Regional cooperation in western Virginia has come a long way from the late ‘60s and early ‘70s, when Salem and Roanoke each built their own civic center, just four years and seven miles apart from one another.
A 2013 report compiled by the Roanoke Valley Alleghany Regional Commission found that, despite the conventional wisdom, regional governments do work together on a regular basis. In fact the report, released biennially since 2003, cited 105 examples of governmental cooperation.
What’s that cooperation and collaboration produced? A growing network of greenways. A beefed-up tourism marketing campaign based around “Virginia’s Blue Ridge.” Economic development projects, including a near miss with Sierra Nevada Brewing Company and a win with Red Sun Farms, which will employ 200 people in a regional industrial park. More significantly, the various partnership give the region a leg up when competing in an increasingly global economy.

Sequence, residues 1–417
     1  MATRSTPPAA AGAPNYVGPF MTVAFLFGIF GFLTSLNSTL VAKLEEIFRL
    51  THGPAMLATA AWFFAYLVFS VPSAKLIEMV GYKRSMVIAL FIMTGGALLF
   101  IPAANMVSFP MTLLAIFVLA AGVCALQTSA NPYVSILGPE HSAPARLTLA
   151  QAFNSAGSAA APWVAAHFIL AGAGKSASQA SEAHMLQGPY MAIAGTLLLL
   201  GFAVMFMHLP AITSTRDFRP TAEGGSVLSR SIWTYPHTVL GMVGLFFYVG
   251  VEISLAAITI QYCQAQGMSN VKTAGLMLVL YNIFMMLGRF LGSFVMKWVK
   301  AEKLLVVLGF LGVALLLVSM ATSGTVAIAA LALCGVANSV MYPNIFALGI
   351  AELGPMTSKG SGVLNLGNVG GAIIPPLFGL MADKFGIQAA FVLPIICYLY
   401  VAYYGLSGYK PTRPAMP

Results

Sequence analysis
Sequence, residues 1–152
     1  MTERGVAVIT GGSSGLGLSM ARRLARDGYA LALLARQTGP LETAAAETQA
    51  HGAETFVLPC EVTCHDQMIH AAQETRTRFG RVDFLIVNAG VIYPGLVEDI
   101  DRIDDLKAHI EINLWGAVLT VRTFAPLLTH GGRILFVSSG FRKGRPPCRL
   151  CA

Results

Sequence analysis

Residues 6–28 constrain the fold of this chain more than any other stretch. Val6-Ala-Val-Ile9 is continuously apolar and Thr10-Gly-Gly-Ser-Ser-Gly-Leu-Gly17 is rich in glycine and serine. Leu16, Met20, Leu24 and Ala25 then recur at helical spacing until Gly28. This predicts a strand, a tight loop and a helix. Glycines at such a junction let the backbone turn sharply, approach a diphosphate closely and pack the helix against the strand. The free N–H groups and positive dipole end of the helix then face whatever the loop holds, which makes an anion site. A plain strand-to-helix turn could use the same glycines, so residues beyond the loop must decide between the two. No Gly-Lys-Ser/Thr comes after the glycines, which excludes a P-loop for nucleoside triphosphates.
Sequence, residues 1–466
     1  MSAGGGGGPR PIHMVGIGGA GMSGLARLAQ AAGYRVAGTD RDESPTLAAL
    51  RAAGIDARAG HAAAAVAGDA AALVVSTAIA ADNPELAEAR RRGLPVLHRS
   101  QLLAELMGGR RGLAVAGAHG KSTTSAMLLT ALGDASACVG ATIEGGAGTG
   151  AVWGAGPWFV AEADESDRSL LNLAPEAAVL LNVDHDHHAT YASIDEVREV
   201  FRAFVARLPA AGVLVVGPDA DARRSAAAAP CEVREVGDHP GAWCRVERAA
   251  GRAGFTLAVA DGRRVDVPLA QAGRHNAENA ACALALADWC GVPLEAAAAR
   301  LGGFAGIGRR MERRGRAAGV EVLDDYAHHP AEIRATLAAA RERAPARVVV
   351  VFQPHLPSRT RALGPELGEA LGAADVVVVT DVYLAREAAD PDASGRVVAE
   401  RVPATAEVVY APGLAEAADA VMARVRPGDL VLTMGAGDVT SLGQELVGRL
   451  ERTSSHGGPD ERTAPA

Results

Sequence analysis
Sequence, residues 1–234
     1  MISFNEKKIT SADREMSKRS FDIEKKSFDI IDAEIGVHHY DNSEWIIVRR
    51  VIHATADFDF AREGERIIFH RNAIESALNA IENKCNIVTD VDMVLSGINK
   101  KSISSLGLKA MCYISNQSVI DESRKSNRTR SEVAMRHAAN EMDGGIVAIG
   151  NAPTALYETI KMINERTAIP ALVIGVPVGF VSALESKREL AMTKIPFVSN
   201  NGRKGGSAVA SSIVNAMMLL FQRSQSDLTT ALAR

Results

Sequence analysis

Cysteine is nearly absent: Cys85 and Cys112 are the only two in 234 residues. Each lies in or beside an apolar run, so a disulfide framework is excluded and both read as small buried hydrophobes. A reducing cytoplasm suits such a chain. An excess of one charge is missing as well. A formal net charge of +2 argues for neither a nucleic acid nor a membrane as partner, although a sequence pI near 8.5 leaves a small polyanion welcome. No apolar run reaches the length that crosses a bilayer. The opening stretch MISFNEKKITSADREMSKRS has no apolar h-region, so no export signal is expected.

Despite its title, the commission’s “report card” offers no grades on efforts to cooperate. I tried to bring some of that critical perspective to my cover story on regional cooperation for the September issue of Roanoke Business. Read it here.